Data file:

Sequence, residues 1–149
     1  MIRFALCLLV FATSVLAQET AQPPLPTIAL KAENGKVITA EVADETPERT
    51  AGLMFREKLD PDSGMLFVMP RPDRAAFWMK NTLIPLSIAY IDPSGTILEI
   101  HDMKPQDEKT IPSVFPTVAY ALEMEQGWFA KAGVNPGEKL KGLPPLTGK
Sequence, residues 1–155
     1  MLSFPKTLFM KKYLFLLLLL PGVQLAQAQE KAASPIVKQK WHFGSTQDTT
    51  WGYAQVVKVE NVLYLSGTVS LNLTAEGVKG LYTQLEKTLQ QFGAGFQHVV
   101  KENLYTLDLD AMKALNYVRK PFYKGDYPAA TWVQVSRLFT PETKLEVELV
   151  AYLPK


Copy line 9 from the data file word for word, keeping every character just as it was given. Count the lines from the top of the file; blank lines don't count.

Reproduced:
   151  AYLPK